Foxtails represent a great danger for our dogs, as they often tend to slip into the skin, ears or nose, causing quite serious consequences. So let's see why they are dangerous and how they can be safely removed.
“Foxtails” have spikelets that are formed when the wheat grows along peripheral roads, in the countryside or in parks. Foxtails are practically a constant danger, precisely because they can be found everywhere.
Why are foxtails dangerous?
Foxtails have a particularly pointed shape and are also very rigid, so they tend to slip easily anywhere. The entire surface of the ears, in fact, is covered by a series of very pointed quills, oriented in the opposite direction to the direction of the stem. For this reason, every time we touch them, they can hook onto clothes, skin or fur, remaining stuck until they are removed manually.
Who among us have experiences this plant stuck to our clothes? Let's think about what happens to our animals when they come into contact with these deadly plants.
It only takes a moment and the foxtail is stuck in the skin, fur, paws, ears, nose, eyes, foreskin and even in the animals throat if he ingests it. In addition, if we think about how bad that spikelet stuck on our pants hurts, imagine how bad it would hurt if they were stuck on the animals body.
The consequences are not only related to pain and discomfort that the foxtail can cause. In fact, if they are not removed promptly and correctly, they can create inflammation and consequently lead to infections that are more serious. In these cases, we notice it because in the point where they are stuck we can see a reddish mark, rather raised and, by removing the foxtail, a real hole will appear on the skin, from which blood or pus can leak out.
The problems become even more relevant if the foxtails are located in very delicate locations, such as the nose, eyes, ears and throat. These spikes, in fact, in addition to damaging the area, can also cause serious injuries to local organs, for example by puncturing the eardrum or reaching the lungs and stomach, where they would get stuck creating serious consequences.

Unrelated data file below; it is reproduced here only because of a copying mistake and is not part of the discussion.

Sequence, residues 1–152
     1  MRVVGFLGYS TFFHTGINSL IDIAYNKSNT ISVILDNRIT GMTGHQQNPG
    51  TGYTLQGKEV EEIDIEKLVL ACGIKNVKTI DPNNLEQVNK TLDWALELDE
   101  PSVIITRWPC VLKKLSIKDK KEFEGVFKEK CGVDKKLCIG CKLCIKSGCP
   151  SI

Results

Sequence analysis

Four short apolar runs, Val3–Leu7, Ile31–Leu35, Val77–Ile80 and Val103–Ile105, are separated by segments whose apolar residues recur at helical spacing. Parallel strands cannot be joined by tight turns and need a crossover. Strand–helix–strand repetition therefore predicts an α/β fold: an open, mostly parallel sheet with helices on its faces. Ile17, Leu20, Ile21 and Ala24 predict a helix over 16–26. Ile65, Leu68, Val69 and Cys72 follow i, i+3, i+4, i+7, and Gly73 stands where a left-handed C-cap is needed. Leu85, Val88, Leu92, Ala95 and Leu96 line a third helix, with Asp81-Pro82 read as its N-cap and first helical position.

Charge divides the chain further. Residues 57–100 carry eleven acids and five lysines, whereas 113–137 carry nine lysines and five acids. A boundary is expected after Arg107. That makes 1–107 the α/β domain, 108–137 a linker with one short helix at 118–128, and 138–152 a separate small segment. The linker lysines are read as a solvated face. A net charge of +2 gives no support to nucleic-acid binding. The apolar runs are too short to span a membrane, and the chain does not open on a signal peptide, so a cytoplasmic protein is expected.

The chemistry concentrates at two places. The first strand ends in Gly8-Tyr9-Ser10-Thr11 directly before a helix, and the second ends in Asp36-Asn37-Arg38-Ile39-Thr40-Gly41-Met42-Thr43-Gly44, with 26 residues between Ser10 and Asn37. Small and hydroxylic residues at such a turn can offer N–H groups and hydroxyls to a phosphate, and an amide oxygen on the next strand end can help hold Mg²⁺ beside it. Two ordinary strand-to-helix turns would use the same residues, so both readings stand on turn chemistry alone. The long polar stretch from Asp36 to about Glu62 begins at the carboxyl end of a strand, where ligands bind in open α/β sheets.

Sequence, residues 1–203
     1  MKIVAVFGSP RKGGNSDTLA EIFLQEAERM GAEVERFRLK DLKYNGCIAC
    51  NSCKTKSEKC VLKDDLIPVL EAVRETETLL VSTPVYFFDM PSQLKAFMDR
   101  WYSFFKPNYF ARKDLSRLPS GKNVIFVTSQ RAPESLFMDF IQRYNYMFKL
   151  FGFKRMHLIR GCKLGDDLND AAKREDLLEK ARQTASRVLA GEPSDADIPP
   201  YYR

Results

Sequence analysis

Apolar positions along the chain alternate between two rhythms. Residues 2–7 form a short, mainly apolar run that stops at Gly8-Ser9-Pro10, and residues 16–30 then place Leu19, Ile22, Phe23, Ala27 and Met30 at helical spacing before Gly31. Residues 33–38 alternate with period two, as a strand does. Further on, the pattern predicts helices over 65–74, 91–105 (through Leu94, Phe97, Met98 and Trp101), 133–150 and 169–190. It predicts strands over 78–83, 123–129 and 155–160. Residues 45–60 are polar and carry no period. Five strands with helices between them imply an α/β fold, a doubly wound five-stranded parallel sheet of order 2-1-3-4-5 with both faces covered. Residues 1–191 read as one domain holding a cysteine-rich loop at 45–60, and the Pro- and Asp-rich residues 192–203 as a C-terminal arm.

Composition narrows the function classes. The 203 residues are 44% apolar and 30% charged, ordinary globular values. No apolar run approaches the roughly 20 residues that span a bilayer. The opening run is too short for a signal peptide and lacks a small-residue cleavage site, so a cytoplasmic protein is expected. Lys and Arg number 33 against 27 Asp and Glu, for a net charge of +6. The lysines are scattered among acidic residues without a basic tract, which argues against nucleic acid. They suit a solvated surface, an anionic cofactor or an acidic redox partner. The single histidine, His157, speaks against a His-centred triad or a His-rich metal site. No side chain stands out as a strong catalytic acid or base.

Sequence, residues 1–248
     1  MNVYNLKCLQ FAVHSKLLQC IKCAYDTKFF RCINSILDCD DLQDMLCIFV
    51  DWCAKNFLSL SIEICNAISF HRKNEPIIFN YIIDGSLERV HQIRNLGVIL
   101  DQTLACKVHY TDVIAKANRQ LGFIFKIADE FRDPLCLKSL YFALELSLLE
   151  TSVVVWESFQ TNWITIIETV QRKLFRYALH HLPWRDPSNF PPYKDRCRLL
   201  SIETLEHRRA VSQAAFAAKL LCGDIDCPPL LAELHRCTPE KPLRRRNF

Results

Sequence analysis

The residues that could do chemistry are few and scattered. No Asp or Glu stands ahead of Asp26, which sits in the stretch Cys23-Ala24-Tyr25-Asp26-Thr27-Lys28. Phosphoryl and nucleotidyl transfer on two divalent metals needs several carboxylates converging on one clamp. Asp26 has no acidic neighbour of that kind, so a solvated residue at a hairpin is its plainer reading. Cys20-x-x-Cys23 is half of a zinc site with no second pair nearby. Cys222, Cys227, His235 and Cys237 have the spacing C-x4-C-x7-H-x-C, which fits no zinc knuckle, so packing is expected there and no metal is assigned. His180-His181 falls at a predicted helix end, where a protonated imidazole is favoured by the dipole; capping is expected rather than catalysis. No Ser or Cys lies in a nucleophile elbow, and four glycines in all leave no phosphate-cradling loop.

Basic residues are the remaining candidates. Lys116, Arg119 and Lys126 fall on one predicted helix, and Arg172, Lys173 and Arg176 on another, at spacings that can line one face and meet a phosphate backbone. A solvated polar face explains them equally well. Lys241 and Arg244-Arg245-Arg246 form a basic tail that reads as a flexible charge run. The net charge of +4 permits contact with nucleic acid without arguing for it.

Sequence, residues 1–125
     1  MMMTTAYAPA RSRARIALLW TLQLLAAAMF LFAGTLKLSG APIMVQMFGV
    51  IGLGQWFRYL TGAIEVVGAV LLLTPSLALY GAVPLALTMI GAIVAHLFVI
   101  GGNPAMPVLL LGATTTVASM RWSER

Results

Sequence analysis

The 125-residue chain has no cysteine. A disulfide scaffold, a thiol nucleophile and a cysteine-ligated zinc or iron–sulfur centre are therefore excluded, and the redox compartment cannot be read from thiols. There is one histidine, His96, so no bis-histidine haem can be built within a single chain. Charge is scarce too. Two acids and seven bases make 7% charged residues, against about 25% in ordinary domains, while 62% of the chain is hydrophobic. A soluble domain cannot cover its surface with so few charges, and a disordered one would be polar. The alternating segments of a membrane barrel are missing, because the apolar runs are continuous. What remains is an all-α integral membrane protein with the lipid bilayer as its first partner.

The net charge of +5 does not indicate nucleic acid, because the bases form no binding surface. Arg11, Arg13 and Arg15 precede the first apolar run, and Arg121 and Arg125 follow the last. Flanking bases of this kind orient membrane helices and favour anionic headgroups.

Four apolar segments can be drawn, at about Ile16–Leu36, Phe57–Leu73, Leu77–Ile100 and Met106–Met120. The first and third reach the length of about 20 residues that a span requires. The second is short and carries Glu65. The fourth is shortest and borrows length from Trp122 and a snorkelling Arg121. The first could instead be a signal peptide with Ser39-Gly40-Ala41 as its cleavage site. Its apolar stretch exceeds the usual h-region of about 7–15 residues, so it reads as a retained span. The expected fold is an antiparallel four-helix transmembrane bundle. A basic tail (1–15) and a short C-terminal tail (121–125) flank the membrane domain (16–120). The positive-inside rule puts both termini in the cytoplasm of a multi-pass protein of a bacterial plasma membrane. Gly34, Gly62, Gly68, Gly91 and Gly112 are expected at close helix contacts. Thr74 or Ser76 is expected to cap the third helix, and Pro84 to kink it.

How to remove them
Our advice is to remove only those resting on the animal's skin, without being totally stuck yet. The main risk, in fact, is to break them, leaving a part of it inside the ear, nose or skin that can inflame or infect the whole area.
When we are taking care of rather sensitive parts of the body we should absolutely take the animal to a vet, who knows the right techniques to remove them and can intervene if they break. It will also be able to identify any consequences produced by the foxtail in the animals body.
In any case, we should always try to prevent the dog or cat from getting filled with these spikelets. We should avoid places where we already know for sure we will find them. Furthermore, when we are returning from our daily walk, let's check the entire body of the animal, removing any foxtails that have rested on the hair which might then stick inside afterwards.
If we see that the dog starts coughing, sneezing or shaking his ears, we immediately check if there are any foxtails in that area, and remove the ones that are slightly stuck on the skin. Same goes for the fingertips, another site frequently affected by the problem. The spikelets might get stuck in that area too, so lets make sure we check the fingertips area as well.
For dogs with long ears, such as Cockers and Basset Hounds, it may be a good idea to wrap an elastic headband or a light scarf around the head, which keeps the ears suspended and protected.